The South African exhibit for the 2017 Chelsea flower show features flowers from all over the country and is celebrating its unique diversity of plant life! The South African exhibit was revealed on the 21st of April by the Sanbi-Kirstenbosch team. This year they plan to make use of flowers and plants from 10 different botanical gardens to show the diversity of the country’s plant life. The chosen theme for this year is ‘Windows of Biodiversity’. The exhibit will be a circular one with a backdrop of Kirstenbosch National Botanical Gardens and Walter Sisulu National Botanical Gardens. Each section will feature a different South African botanical garden. Kirstenbosch, Harold Porter in Betty’s Bay, Hantam in the Northern Cape, Walter Sisulu in Gauteng, Lowveld in Mpumalanga, Free State in Bloemfontein, Karoo Desert in the Karoo, Kwazulu-Natal, Pretoria in Gauteng and Kwelera in the Eastern Cape. “South Africa is home to nearly 10% of the world’s plants and contains three regions that have been declared global biodiversity hotspots, so it is fitting that we celebrate this heritage this year at Chelsea.” – Dr Tanya Abrahamse, SANBI CEO The exhibit will show the diversity of the nine biomes of South Africa, displaying them to over 150,000 people who are expected to visit the show. It was designed by the multi-award-winning team of graphic designer David Davidson and landscape designer Raymond Hudson. “We have been designers of the exhibit for the past 24 years, although this is the 42nd year South Africa is represented at the show. We try to include as much diversity and variety of plant life (as possible), representing all the botanical gardens in the country.” “We’ve done well (over the years) in winning 34 gold medals and the Huxley Trophy for the best exhibit. One of the exhibits was about climate change. We hope for another gold,” The Sanbi-Kirstenbosch has won 34 gold medals in the 41 years its taken part in the Chelsea Flower Show. They won gold in 2016 and are planning to work hard for the gold again this year. Share this:Click to email this to a friend (Opens in new window)Click to print (Opens in new window)Click to share on Facebook (Opens in new window)Click to share on Twitter (Opens in new window)Click to share on Reddit (Opens in new...

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Chelsea Flower Show 2017

Chelsea Flower Show 2017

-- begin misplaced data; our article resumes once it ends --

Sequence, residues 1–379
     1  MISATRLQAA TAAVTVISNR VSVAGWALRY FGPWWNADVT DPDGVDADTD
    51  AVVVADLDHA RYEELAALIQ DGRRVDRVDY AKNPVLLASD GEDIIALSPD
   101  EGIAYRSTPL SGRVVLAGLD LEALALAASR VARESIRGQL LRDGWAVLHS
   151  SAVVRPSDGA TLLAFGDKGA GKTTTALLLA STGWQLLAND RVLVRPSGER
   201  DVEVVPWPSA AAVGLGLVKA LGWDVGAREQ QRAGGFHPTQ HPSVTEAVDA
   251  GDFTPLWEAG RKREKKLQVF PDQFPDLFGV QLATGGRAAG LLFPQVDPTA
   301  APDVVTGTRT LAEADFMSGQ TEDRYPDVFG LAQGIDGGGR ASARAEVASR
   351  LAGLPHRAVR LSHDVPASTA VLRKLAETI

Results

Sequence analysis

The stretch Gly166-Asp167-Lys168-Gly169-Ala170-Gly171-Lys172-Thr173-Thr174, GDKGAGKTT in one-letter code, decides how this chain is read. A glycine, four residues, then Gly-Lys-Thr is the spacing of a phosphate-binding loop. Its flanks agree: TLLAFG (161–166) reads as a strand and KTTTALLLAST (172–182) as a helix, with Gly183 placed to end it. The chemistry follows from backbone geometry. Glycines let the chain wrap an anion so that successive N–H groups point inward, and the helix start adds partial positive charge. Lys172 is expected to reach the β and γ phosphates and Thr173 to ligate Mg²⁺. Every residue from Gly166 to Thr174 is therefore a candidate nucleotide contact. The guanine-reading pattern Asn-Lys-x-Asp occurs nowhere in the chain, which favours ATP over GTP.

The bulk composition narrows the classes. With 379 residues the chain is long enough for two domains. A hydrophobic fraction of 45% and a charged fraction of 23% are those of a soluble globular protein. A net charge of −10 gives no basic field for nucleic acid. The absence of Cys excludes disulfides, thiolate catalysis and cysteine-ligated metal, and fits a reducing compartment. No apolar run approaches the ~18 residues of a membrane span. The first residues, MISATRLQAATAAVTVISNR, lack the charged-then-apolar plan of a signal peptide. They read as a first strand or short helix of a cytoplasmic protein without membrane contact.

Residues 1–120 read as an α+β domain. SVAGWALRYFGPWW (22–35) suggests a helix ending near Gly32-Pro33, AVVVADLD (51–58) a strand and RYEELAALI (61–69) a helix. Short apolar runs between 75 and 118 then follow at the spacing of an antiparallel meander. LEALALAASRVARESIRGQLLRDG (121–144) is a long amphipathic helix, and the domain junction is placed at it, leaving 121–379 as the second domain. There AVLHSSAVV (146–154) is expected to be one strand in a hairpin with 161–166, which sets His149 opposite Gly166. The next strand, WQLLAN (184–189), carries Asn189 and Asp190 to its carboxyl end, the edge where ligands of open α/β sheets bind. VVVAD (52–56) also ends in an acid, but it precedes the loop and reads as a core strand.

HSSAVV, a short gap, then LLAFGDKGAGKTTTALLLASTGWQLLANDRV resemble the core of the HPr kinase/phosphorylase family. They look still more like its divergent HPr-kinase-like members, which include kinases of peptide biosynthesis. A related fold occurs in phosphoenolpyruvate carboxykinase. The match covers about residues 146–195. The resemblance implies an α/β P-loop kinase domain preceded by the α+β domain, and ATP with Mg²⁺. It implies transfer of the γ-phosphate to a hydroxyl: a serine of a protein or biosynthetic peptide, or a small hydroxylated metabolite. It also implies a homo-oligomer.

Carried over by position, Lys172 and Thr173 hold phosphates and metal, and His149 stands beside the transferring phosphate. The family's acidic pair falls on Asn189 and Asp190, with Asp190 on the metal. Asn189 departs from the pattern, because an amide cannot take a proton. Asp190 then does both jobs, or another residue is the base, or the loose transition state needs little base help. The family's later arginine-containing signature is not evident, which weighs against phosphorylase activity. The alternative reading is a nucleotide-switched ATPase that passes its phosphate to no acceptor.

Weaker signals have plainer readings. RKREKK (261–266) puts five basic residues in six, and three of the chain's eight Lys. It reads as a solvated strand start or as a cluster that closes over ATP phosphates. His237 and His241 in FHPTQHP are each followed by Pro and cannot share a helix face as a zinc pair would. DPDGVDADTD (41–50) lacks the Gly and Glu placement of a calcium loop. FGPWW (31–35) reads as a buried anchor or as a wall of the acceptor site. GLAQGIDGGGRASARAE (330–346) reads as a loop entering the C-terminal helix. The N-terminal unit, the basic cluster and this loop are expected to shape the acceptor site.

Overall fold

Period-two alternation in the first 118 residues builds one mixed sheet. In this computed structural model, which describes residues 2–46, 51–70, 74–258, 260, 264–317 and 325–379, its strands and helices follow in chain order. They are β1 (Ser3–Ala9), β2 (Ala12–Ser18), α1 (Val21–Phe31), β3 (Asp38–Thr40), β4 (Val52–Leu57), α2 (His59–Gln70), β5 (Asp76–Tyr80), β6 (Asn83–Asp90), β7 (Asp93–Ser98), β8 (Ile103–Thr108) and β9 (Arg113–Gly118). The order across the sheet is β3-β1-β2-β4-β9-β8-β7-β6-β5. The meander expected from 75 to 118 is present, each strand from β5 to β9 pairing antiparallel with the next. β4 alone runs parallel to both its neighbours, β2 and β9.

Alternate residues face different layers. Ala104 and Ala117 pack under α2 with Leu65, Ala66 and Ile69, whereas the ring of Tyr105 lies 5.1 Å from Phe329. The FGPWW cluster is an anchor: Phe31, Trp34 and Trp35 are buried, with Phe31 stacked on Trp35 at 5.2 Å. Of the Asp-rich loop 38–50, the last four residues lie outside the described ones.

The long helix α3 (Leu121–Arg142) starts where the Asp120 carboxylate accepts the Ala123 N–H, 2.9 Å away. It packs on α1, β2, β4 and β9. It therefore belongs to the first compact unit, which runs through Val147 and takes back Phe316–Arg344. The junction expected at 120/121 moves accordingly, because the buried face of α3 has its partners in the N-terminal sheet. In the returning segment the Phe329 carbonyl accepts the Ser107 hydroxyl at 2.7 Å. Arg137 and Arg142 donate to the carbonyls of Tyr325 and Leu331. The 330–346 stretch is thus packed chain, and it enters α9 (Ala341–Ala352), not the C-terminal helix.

Chelsea Flower Show 2017 trends preview: look out for jelly bean colours, weeds and waste… It’s one of the high points of the horticultural calendar, so what’s in store at this year’s RHS Chelsea Flower Show? Stephanie Mahon offers a sneak preview… CREDIT: GEOFF PUGH Stephanie Mahon 9 MAY 2017 • 1:56PM On May 23, you’ll be able to walk through the gates of the RHS Chelsea Flower Show and be transported from Spain and Malta to China, Japan, ­Canada, Mexico and Bermuda. Many of this year’s gardens evoke exotic climes, while others look to the Yorkshire coast, the Norfolk marshes and Berkshire’s heathland. The themes of education, art and sustainability have also inspired the designers. We can probably expect planting styles to be diverse too, and nurseries that grow the bulk of the show garden plants say many designers are going for bright and cheery summer colours, ­including deep purple and burnt ­orange. These bold, unsubtle hues may startle the hortirati – will they work, or look like a bag of jelly beans? But at this stage, a bigger talking point is sponsorship – or lack of. There are only eight show gardens on Main Avenue this year, even fewer than the previous low of 13 in 2009 (known as the “Credit Crunch Chelsea”) and a big drop from 17 last year. High-profile names such as Laurent Perrier have not returned and others, such as L’Occitane and the Telegraph, are sitting out this year. Chelsea Flower Show approaches CREDIT: GEOFF PUGH The downturn could be a case of Brexit wobbles or just part of the natural cycle of Chelsea. But it was still a surprise when show sponsor M&G Investments announced it would not be renewing its contract with the RHS when it ends this year. The RHS would not comment on whether a new sponsor is in place for 2018 and beyond, but confirmed that an announcement will soon be made on the renewal of the BBC contract to broadcast the show. Show gardens James and Helen Basson, who have won gold two years running for evocations of the Provençal landscape, are hotly tipped to lead in this category. This year, for the M&G Garden, they have hopped over to Malta to represent a quarry with a range of ecologies and planting types, with a garden that may prove challenging to some visitors and perhaps even the judges. The couple see this as a chance to discuss how to rejuvenate abandoned industrial places. James Basson CREDIT: HEATHCLIFF O’MALLEY “By taking an extreme, mineral, ‘hard’ man-made space and working with ­nature to make it beautiful, we hope to persuade people that all those ­urban spaces we don’t know...